Study finds classroom discipline impacts academic performance - Education Matters Magazine
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Study finds classroom discipline impacts academic performance

Better behaved students learn more and perform among the world’s best, researchers from Macquarie University in Sydney have found.

The researchers analysed results from the international measurement of student achievements, the OECD’s Program for International Student Assessment, concluding that classroom discipline could hold the key to improving academic performance.

“This study suggests that education investment alone is not sufficient to boost educational performance as well as global competitiveness,’’ the research found.

Researchers Chris Baumann and his Macquarie colleague Hana Krskova analysed PISA data to ascertain the impact of school discipline — students listening well in class, the noise level, teacher waiting time, class start times, and students working well — against the impact of increased education spending.

“When we contrasted school discipline and education investment on the effect of performance, it was roughly 88 per cent in comparison to 12 per cent for education investment,’’ Dr Baumann said.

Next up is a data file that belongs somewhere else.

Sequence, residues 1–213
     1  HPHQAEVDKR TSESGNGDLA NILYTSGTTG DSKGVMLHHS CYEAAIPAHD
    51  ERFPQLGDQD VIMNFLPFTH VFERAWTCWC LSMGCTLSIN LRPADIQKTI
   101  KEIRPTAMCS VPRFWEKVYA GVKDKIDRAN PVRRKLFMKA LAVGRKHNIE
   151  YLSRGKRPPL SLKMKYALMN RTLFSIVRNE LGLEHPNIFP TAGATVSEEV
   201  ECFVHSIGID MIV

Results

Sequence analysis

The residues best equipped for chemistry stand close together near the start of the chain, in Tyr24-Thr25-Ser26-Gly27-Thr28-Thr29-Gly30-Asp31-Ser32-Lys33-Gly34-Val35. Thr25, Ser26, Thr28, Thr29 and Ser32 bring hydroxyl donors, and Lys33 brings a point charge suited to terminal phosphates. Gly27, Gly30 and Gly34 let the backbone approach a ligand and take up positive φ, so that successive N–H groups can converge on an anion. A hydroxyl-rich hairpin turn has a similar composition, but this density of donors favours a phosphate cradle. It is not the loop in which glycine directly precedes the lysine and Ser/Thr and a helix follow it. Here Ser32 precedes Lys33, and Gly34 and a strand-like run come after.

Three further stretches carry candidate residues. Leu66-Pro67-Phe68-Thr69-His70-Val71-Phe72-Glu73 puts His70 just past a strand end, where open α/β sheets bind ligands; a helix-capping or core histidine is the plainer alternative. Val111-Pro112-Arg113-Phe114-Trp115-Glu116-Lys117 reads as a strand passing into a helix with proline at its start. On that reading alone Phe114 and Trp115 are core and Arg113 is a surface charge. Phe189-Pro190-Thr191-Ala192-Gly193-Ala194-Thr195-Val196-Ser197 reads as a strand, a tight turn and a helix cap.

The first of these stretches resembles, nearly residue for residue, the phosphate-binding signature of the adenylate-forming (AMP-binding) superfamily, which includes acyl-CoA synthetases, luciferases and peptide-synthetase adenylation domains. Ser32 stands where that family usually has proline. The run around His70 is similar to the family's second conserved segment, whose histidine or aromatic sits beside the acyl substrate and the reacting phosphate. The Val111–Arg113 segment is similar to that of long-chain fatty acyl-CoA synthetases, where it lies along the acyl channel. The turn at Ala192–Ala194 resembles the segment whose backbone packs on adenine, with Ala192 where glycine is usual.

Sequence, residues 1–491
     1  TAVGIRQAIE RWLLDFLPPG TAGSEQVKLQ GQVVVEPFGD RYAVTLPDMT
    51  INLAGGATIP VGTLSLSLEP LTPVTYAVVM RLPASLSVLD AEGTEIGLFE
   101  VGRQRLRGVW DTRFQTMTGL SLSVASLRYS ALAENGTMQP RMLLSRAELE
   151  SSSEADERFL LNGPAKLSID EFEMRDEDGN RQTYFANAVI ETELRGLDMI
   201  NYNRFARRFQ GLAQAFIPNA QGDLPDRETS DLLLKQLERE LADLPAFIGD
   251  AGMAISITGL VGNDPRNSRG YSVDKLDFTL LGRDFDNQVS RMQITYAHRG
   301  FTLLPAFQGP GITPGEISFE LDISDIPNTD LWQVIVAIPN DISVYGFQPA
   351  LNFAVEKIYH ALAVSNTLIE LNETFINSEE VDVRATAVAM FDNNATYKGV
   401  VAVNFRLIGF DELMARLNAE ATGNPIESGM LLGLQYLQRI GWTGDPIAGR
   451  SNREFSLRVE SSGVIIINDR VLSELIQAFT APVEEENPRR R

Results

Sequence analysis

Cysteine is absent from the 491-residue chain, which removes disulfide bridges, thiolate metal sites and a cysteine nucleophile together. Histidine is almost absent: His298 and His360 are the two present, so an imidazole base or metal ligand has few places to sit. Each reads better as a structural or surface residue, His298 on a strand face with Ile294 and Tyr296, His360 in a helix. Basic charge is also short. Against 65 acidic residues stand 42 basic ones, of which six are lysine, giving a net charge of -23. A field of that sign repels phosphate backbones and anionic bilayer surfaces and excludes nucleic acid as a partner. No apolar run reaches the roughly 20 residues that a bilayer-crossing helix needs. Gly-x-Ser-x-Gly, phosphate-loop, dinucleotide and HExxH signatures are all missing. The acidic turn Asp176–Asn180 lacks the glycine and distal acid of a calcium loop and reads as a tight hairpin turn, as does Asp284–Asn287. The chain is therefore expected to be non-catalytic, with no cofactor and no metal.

“That’s not to say investment is not important; of course not. But it indicates the importance of school discipline. The way we actually run the school seems to have a massive effect on how the students perform.

“If you look at the East Asian model of education where the teacher enters the classroom, the students stand up and greet the teacher. What’s the cost? Zero. But you get everyone’s ­attention.’’

The results of the latest round of PISA data for 2015 found the performance of Australia’s 15-year-olds in maths, science and reading was in “absolute decline’’ and the nation was being outpaced by New Zealand, ­Estonia and Slovenia.

The Australian reported government spending on school education increased by $10 billion in real terms in the decade to 2013-14, with an extra $2bn in 2014-15.

Education Minister Simon Birmingham is in the process of negotiating a new funding deal with the states and education sectors, with a view that the ­debate has focused too heavily on the amount of funding being delivered as opposed to maximising funds provided.

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